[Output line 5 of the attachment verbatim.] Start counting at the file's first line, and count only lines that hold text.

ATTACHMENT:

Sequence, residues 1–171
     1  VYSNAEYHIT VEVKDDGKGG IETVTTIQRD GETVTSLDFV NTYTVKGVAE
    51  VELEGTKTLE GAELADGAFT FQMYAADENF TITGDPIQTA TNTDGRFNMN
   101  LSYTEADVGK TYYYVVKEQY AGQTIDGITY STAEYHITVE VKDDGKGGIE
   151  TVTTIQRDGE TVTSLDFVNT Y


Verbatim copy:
   151  TVTTIQRDGE TVTSLDFVNT Y